Monday, October 24, 2011

Genealogy - One Thing Leads to Another, sharing with others

Twice in the same week the posts by Ancestry Insider lead me to important information about my ancestors. On Saturday, after a very busy week preparing for and giving four lectures in a one-day event, I was very ready to relax and recover. When I work on presentations it can get rather intense. Last week a good genealogy friend contacted me in a bit of a panic. She was due to give the lectures for a one-day event, and there had been a death in the family and she would not be able to attend the event. As I was on my way out the door to present at another event some distance from my home, I looked at my calendar, which just happened to be open for that day. She was very relieved that I was willing to take her place.



On Monday after I had returned home I had a phone call from the group planner wondering what I would be able to present. While I could not replicate my friend's work, I did have presentations that would be of interest to them. I spoke to the group in March, doing two presentations then. Considering I only have sixteen classes there were only a few to choose from. One was created in the last couple of weeks and I was still working on another one to present at our FH Fair in a couple of weeks. With the four lectures selected, I went to work on completing the last one on Religious Affiliations.

For this class I was very focused on my own family history and what I knew of their religious affiliations. Of course while I am working, I always get a little sidetracked in learning about supporting information such as where the church was located, are there pictures or church histories online, clergy information, any document that might provide insight to their religious life, etc. It is amazing what can be found on the Internet. As the basis for the lecture I used wikipedia and the familysearch.org wiki. Then I turned to books from my family history center, Shaking Your Family Tree by Dr. Ralph Crandall, Survey of American Church Records by E. Kay Kirkham, and Genealogical Research Standards by Derek Harland. While these are rather dated materials, they hold a wealth of information. By the time I finished I had a presentation of 120 slides.

In the process of working on the updating of the other presentations I printed out a new pedigree chart of my family. In doing this work I also did a review of the documents I have for my four generations. The most important missing documents were the death certificate for my grandfather on my father's side and the marriage record for my grandparents on my mother's side.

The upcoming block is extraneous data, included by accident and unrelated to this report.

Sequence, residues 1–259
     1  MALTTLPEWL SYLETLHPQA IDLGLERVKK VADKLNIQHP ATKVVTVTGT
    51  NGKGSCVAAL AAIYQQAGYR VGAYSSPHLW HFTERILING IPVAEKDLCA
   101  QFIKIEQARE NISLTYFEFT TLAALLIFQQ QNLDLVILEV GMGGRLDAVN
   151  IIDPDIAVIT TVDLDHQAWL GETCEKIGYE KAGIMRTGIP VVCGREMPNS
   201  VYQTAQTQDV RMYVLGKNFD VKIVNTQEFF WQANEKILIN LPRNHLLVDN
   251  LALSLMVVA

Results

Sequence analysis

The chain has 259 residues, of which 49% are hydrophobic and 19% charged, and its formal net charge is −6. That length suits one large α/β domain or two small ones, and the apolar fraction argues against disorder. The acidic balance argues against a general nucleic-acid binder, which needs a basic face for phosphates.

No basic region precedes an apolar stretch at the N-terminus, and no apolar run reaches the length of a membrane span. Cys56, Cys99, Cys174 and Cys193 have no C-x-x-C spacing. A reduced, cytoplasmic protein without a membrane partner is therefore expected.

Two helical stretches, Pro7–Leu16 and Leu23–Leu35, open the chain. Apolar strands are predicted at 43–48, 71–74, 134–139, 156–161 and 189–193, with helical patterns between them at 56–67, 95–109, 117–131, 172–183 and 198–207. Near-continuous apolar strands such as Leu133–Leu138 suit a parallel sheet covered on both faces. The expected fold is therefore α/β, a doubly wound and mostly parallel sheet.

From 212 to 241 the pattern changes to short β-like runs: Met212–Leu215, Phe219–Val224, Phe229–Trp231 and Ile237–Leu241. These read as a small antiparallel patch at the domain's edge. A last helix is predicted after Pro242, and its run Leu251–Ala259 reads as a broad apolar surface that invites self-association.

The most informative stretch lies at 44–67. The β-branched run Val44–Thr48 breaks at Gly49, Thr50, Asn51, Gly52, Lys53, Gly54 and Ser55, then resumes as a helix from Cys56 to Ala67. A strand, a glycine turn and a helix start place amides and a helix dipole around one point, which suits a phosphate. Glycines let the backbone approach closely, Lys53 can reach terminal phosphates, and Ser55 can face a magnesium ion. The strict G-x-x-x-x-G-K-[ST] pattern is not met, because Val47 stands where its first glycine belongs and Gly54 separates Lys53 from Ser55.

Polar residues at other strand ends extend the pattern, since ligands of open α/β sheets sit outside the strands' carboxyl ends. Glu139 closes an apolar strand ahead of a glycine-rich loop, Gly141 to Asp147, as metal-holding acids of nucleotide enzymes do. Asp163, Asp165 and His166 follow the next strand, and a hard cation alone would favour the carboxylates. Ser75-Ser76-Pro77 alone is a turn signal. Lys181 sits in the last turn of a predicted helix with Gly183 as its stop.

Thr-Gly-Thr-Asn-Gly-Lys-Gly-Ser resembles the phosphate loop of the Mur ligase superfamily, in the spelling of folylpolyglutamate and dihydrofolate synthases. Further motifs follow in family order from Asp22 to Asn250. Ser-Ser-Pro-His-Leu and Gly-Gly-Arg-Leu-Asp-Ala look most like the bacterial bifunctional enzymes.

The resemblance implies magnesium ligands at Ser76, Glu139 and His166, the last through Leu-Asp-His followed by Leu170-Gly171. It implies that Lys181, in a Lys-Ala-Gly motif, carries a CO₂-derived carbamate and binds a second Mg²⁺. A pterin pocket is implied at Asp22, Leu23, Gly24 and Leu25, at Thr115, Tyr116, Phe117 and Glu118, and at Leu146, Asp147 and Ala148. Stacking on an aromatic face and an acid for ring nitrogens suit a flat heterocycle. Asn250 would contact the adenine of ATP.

The post by Ancestry Insider discussed newly added vital records at ancestry.com. So late Saturday night as I was decompressing from a very busy day, I turned to the new vital records collections. To my amazement I found the death information posted for the Oregon Death Index 1971-1980. My grandfather died in 1979. I do believe the actual certificate lies in the collection of my grandmother's belongings stored in my office closet and I will search there before ordering another copy.

The next amazing find was my other grandparent's marriage record, found by using a search of her name. There it pops up on the screen indexed with digital copies of the original records. Interestingly enough earlier in the week I made copies of the order forms for ordering this record. To order this record it would cost $15. I immediately called my mother and told her of the discovery. My grandmother was not always very accurate in how she shared life's details, sometimes fudging a little in details that she felt should be different. This marriage record confirmed for me her birth year and that of my grandfather. The marriage occurred across the state line and the county judge married them. According to grandma her parents did not know about her marriage until a neighbor much later mentioned they had read about it in the newspaper. At the time of marriage she was Catholic and he was not, which she felt her parents would not approve.

The availability of new records online is expanding so quickly that for us long time researchers it is unbelievable. When compared to the ordering of records at times costing extreme amounts of money, or viewing the records on microfilms that took weeks to arrive, the ease of finding records today is astronomical. My goal to acquire documented records for my ancestors is more realistic. I only lack one record for my grandparents and then I will move on to my great grandparents for whom I lack fifteen records. Up until now it was not financially a part of my budget to order them, and I will wait a little before I do as more are coming online every day. Oh, what fun this genealogy work is. Be sure and share the good news with others who may not get the email notices announcing the new releases. Remember one thing leads to another as we journey down our paths of discovery.

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